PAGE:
Tuesday 26 May 2009

Paper on Judicial Borrowing and the ECtHR

Erik Voeten, of the University of Georgetown, has posted a working paper entitled 'Borrowing and Non-Borrowing among International Courts' on SSRN. This is the abstract:

Why do some international courts and judges extensively cite decisions from other courts whereas others do not? I argue that judges anticipate what external citations communicate to third parties. Depending on their institutional environments, judges expect more or less scrutiny for engaging sources of law other than the primary treaties that they are delegated to interpret. A global analysis of cross-citation patterns and an in-depth analysis of citations to and from the European Court of Human Rights (ECtHR) are consistent with the implications of this argument. Contrary to its transnationalist reputation, the ECtHR is cautious in citing other courts although ECtHR judges regularly refer to external decisions in separate opinions. The propensity of ECtHR judges to cite external sources is correlated with judicial ideology. The findings have implications for debates on transjudicial communication, the diffusion of international legal norms, the fragmentation of international law, and international judicial behavior.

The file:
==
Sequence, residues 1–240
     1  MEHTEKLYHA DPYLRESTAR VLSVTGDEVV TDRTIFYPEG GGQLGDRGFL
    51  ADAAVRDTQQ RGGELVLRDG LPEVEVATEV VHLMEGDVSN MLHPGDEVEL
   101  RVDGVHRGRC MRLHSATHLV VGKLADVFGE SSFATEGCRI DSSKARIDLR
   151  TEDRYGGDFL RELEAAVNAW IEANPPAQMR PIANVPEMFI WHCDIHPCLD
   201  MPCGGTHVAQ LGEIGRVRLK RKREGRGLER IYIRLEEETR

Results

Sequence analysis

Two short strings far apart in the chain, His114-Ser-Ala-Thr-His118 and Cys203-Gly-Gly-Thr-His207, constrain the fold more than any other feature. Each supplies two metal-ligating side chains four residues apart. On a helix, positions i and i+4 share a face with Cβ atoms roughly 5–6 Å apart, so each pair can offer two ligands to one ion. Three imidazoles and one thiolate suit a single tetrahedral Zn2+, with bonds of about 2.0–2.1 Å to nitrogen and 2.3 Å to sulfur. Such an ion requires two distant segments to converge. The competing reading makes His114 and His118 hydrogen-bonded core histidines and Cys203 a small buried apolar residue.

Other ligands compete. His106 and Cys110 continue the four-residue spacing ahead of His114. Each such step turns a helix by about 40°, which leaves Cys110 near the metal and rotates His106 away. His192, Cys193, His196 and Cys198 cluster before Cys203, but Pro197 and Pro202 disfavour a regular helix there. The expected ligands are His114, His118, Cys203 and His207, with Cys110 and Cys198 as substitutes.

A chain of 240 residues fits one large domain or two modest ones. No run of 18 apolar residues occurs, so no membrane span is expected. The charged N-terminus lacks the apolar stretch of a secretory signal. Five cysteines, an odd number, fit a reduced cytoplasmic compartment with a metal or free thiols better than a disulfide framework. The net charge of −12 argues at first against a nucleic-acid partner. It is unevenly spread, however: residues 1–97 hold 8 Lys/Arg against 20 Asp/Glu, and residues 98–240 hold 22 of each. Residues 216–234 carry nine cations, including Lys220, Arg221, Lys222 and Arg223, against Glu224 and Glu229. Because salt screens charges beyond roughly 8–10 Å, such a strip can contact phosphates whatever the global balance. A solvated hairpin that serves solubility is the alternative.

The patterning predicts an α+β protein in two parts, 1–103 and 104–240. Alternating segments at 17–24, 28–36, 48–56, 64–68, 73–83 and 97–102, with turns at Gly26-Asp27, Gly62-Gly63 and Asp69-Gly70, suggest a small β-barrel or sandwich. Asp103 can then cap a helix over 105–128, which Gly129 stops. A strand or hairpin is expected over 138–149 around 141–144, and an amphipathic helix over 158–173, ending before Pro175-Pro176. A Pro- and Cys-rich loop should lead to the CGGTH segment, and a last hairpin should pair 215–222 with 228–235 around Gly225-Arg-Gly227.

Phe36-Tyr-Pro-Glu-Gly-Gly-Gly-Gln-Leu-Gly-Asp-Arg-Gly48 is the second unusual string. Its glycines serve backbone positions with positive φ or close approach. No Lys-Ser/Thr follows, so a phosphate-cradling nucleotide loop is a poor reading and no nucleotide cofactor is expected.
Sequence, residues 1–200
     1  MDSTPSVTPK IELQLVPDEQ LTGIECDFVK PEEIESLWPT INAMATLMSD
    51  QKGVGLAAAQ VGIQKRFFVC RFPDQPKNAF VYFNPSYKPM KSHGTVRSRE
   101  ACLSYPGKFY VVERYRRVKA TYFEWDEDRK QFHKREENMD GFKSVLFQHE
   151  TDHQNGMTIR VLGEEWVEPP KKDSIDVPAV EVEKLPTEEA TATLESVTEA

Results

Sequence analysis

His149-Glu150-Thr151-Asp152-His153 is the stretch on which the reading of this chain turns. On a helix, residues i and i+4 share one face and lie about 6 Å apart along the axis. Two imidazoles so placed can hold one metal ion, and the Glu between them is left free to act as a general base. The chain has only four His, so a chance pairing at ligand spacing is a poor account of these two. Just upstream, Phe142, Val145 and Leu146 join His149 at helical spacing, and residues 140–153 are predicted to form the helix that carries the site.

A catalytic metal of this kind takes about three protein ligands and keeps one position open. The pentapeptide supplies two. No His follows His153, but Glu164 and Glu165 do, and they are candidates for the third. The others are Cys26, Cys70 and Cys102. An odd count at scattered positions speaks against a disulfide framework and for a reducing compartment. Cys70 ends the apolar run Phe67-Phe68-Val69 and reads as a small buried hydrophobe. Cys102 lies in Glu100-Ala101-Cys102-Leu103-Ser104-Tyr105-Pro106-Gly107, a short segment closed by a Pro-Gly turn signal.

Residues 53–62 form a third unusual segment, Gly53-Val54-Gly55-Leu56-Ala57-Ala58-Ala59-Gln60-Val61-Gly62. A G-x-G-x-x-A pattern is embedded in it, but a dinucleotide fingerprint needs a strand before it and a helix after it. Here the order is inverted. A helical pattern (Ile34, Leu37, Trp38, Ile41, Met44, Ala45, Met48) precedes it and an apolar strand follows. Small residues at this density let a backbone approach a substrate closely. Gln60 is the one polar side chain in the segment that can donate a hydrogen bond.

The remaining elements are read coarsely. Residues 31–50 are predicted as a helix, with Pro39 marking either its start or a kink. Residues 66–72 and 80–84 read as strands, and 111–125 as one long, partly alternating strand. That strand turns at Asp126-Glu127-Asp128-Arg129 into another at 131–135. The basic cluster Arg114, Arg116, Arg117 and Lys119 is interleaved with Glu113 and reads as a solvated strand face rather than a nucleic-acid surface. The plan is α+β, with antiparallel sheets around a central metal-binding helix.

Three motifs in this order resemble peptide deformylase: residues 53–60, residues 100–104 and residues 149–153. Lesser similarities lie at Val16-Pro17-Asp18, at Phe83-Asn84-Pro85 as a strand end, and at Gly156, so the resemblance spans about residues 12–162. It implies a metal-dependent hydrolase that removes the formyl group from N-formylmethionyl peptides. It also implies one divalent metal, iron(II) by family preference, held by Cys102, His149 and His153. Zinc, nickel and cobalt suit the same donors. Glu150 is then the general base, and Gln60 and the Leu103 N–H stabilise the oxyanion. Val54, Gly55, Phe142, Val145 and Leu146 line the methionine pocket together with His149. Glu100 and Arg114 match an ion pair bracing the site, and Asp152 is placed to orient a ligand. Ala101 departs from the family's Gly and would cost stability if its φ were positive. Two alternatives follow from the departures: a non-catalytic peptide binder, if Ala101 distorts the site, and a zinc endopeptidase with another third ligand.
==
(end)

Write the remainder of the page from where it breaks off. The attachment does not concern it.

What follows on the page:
The paper is written from a social sciences perspective and includes a 'Global Matrix of International Court Citation Patterns'. Enjoy reading!